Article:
The openSUSE distribution is not distancing itself from proprietary software at this time; it is just reorganizing its management of that software to address one of the problems it brings. But it is still hard to avoid the temptation to read between lines and look forward to a day when openSUSE, too, distributes only free software - not as a result of any sort of push for purity, but just because its users no longer have any need for anything else.
The Linux Foundation has another new organization on the membership roster this week. The CME Group announced it has joined the nonprofit organization, and its associate director, Vinod Kutty, will chair the Foundation's End User Council. The CME Group is made up of three derivatives, or futures, exchanges: the Chicago Board of Trade, and the New York and Chicago Mercantile Exchanges. Linux has played a major part of the financial services industry for many years, and representatives of the CME Group say it's time to become more involved in the evolution of open source technology.
In a prepared statement Kevin Kometer, Managing Director and Chief Information Officer of CME Group, says, "Our Linux Foundation membership allows us to move beyond just being users of Linux to being participants in the direction of this important technology. Joining the Linux Foundation and being deeply involved in Linux will also help the exchange determine the future use of our own technology."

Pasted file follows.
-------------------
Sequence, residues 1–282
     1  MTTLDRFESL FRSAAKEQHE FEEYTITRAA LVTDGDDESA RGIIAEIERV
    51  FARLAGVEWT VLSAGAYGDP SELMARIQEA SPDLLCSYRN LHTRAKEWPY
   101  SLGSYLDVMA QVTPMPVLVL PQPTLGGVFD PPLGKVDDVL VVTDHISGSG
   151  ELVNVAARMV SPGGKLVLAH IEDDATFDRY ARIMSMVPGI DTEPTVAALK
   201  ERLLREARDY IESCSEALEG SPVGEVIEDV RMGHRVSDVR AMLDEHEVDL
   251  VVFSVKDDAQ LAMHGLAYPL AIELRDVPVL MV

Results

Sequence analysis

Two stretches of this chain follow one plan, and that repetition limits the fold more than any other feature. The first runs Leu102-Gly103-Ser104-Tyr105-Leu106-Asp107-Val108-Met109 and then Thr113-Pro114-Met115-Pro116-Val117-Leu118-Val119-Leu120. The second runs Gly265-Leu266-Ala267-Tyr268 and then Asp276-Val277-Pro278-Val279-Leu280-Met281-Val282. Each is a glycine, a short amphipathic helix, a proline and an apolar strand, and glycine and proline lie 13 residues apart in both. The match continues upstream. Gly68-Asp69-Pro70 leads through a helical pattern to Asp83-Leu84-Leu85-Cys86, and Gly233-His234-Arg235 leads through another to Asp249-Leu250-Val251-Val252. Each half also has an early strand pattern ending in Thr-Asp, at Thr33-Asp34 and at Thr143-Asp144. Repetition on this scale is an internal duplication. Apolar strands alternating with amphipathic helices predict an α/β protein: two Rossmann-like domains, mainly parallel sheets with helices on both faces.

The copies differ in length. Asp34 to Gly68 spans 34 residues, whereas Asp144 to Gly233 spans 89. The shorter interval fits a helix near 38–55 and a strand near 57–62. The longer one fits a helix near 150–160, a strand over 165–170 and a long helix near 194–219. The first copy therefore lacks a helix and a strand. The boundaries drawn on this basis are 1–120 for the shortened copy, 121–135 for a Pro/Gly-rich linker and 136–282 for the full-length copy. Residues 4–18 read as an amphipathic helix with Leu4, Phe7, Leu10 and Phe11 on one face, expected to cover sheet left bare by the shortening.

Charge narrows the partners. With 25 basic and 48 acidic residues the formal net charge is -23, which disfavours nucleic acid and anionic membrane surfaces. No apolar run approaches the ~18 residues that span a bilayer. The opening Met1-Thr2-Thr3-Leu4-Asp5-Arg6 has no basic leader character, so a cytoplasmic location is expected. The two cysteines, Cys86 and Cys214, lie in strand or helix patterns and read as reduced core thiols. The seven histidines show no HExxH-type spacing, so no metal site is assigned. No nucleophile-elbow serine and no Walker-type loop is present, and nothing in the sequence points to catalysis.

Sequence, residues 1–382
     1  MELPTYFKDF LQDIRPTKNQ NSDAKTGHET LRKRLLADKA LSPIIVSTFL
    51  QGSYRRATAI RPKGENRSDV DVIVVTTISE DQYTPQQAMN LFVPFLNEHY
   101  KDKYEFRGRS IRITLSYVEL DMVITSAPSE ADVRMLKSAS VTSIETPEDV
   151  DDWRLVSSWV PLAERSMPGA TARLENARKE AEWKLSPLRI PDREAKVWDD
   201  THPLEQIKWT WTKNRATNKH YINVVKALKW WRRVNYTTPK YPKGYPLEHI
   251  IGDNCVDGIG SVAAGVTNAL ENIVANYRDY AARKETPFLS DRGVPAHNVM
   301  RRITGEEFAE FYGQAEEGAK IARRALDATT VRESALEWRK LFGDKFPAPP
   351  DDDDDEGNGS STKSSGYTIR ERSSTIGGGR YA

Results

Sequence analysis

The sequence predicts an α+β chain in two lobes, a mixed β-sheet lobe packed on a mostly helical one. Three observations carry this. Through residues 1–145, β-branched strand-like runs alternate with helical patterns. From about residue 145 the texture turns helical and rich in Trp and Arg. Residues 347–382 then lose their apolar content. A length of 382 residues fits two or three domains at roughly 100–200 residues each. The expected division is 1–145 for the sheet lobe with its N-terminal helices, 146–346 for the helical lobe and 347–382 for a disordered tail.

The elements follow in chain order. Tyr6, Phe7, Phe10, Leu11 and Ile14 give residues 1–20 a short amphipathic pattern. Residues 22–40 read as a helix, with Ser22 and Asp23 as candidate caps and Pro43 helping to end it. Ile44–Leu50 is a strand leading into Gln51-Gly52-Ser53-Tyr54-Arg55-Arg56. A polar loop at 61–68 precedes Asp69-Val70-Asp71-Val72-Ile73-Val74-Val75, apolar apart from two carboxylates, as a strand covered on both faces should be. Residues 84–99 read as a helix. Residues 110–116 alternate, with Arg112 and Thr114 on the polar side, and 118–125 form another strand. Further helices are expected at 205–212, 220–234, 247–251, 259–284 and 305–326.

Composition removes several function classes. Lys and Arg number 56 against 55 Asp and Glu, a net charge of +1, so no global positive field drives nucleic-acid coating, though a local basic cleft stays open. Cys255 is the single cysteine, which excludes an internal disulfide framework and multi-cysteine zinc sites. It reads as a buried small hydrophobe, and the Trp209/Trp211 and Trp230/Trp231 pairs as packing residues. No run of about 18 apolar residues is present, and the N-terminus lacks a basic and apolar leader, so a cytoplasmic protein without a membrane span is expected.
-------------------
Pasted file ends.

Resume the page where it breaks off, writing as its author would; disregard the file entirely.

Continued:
Practically speaking, the move will increase the Group's input into the development of software developed for the financial industry, thereby giving them a boost in a very competitive global marketplace.
Kutty explains, "By most accounts, derivatives exchanges around the world do not compete with one another. Unlike the securities markets that compete for listings, the majority of derivatives products are created with intellectual capital or they are licensed products. Our main competition comes in the form of the over-the-counter (OTC) marketplace where 80% of the world's derivatives trade; only 20% of derivatives globally trade on an exchange. The OTC products often are similar or lookalike products to what an exchange would trade."
That competitive threat is a chief reason the CME Group chose to join the Linux Foundation.
"We're excited to see CME join, but not surprised at its intent," says Amanda McPherson, the Linux Foundation's VP of marketing and developer programs. "CME realizes that direct collaboration with the Linux community gives them a competitive advantage. They have bet their business on Linux to very good effect. We're seeing the innovators and leaders understand that to get the most of Linux it's important to collaborate with the community directly. Through our end user council and the yearly Collaboration Summits, companies like CME can collaborate closely with the brightest minds in Linux."